The Anthropocene epoch is partly defined by anthropogenic spread of crops beyond their centres of origin. At global scales, evidence indicates that species-level taxonomic diversity of crops being cultivated on large-scale agricultural lands has increased linearly over the past 50 years. Yet environmental and socio-economic differences support expectations that temporal changes in crop diversity vary across regions. Ecological theory also suggests that changes in crop taxonomic diversity may not necessarily reflect changes in the evolutionary diversity of crops. We used data from the Food and Agricultural Organization (FAO) of the United Nations to assess changes in crop taxonomic- and phylogenetic diversity across 22 subcontinental-scale regions from 1961–2014. We document certain broad consistencies across nearly all regions: i) little change in crop diversity from 1961 through to the late 1970s; followed by ii) a 10-year period of sharp diversification through the early 1980s; followed by iii) a “levelling-off” of crop diversification beginning in the early 1990s. However, the specific onset and duration of these distinct periods differs significantly across regions and are unrelated to agricultural expansion, indicating that unique policy or environmental conditions influence the crops being grown within a given region. Additionally, while the 1970s and 1980s are defined by region-scale increases in crop diversity this period marks the increasing dominance of a small number of crop species and lineages; a trend resulting in detectable increases in the similarity of crops being grown across regions. Broad similarities in the species-level taxonomic and phylogenetic diversity of crops being grown across regions, primarily at large industrial scales captured by FAO data, represent a unique feature of the Anthropocene epoch. Yet nuanced asymmetries in regional-scale trends suggest that environmental and socio-economic factors play a key role in shaping observed macro-ecological changes in the plant diversity on agricultural lands.
Citation: Martin AR, Cadotte MW, Isaac ME, Milla R, Vile D, Violle C (2019) Regional and global shifts in crop diversity through the Anthropocene. PLoS ONE 14(2): e0209788. https://doi.org/10.1371/journal.pone.0209788
Editor: Jose Luis Gonzalez-Andujar, Instituto Agricultura Sostenible, SPAIN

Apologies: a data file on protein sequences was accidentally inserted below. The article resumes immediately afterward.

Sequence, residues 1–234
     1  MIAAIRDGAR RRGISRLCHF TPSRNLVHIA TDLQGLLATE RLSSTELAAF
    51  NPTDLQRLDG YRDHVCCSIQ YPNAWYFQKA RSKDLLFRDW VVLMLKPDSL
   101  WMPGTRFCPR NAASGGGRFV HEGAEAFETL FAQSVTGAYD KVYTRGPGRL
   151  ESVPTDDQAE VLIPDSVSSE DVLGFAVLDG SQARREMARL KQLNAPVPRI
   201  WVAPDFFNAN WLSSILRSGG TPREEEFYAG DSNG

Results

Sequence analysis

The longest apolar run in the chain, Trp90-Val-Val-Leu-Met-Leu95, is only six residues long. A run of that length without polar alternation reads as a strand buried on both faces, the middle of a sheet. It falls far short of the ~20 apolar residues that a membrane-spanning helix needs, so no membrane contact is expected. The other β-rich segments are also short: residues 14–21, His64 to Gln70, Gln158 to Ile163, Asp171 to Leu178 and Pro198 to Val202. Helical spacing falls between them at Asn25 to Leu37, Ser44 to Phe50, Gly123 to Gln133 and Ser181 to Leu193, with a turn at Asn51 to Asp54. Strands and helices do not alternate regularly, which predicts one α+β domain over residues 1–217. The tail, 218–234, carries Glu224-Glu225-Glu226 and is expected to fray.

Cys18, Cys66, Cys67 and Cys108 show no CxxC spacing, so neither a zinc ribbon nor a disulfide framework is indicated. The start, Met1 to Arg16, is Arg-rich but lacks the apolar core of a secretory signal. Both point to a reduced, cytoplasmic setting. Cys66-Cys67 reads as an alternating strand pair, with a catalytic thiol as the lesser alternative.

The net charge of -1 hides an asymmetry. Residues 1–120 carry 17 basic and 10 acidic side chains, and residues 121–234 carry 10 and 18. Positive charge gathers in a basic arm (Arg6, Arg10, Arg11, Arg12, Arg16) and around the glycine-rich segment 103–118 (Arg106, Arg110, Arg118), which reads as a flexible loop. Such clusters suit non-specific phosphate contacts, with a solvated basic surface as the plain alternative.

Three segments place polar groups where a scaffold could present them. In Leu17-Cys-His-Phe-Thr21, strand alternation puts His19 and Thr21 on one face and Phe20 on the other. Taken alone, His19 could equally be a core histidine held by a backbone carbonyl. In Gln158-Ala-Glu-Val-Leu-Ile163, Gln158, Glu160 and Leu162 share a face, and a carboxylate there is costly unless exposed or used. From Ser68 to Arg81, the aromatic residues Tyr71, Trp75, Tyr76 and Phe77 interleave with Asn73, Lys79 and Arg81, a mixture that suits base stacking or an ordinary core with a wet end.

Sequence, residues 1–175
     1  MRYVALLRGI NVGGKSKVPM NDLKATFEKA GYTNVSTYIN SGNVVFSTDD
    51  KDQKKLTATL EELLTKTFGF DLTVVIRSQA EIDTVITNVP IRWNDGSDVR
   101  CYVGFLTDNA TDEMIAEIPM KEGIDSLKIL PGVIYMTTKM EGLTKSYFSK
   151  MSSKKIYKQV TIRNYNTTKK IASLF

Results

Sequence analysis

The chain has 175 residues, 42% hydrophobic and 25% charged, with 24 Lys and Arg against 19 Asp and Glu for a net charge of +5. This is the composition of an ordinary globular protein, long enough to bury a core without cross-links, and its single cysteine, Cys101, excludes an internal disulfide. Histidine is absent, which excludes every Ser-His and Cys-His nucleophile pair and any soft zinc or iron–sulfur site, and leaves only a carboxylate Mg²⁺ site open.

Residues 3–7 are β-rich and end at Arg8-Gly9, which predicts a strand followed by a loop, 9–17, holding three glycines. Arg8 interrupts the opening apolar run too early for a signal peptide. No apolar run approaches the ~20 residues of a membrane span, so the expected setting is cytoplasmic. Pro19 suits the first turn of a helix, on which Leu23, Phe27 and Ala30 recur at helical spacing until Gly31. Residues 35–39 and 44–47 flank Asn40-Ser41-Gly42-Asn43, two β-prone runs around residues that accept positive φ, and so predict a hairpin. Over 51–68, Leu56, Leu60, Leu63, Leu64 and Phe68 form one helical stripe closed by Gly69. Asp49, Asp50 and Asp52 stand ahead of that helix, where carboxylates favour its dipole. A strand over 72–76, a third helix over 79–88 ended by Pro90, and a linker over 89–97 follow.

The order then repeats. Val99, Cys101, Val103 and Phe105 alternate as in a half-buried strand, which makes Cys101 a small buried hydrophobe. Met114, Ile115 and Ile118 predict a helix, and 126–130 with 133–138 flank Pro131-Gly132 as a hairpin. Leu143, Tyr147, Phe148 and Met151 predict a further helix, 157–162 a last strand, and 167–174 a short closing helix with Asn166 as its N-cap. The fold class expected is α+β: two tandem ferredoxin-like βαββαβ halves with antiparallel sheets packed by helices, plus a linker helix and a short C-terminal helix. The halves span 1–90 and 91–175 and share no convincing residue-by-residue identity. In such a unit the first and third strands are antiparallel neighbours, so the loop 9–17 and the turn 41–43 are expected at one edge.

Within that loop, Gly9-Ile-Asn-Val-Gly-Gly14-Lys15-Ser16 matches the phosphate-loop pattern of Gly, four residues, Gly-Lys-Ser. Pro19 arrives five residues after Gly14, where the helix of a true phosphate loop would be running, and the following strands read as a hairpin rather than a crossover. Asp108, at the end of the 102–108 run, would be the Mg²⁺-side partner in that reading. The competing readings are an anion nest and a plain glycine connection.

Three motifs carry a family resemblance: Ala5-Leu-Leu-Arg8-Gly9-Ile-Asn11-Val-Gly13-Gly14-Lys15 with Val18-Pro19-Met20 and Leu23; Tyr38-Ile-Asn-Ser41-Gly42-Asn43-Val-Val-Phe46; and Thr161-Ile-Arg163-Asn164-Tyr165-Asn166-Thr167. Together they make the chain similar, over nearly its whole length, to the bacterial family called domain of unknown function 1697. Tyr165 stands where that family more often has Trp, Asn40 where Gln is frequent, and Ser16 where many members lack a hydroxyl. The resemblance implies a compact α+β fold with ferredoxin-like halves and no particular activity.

Received: September 14, 2018; Accepted: December 11, 2018; Published: February 6, 2019
Copyright: © 2019 Martin et al. This is an open access article distributed under the terms of the Creative Commons Attribution License, which permits unrestricted use, distribution, and reproduction in any medium, provided the original author and source are credited.
Data Availability: All relevant data are within the manuscript and its Supporting Information file. The datasets that support the findings of this study are available from the authors on request, see author contributions for specific data sets.
Funding: This research was undertaken in part based on funding from the Canada Research Chairs program and a Natural Sciences and Engineering Research Council of Canada Discovery Grant to Marney E. Isaac. Marc W. Cadotte is supported by the TD Professor of Urban Forest Conservation and Biology chair program, the Canada Foundation for Innovation, Ontario Research Fund, and the Natural Sciences and Engineering Research Council of Canada (Grant number 386151). Denis Vile is supported by the European Union and the Région Languedoc-Roussillon “Chercheur d’Avenir” (FEDER FSE IEJ 2014-2020; Grant Project “APSEVIR”). Rubén Milla is supported by Ministerio de Economía y Competitividad of Spain (grants CGL2014-56567-R and PCIN-2014-053), and the European Union (Eco-serve project, BiodivERsA/001/2014, Horizon 2020). Cyrille Violle was supported by a Marie Curie International Outgoing Fellowship within the 7th European Community Framework Program (DiversiTraits project, no. 221060) and by the European Research Council (ERC) Starting Grant Project StG-2014-639706-CONSTRAINTS. The funders had no role in study design, data collection and analysis, decision to publish, or preparation of the manuscript.
Competing interests: The authors have declared that no competing interests exist.
A major line of scientific evidence defining the Anthropocene epoch–the period of Earth’s history defined by the dominance of humans–is the human-caused changes in Earth’s biodiversity and biogeography. While there are multiple dimensions to changes in biogeography in the Anthropocene , changes in the human-mediated spread of crops beyond their regions of domestication into other parts of the world are central to these arguments [2, 3]. Some of the most prominent shifts in crop biogeography occurred during the “Columbian Exchange”: a major interchange of commercially important plant species during in the 15th and 16th centuries between the Old and New Worlds [4–6]. Yet more recently since the 1950s, global-scale analyses indicate that there have been major influxes (and subsequent domination) of crops into the food supplies, diets, agricultural economies, and farmlands in many parts of the world [3, 7, 8].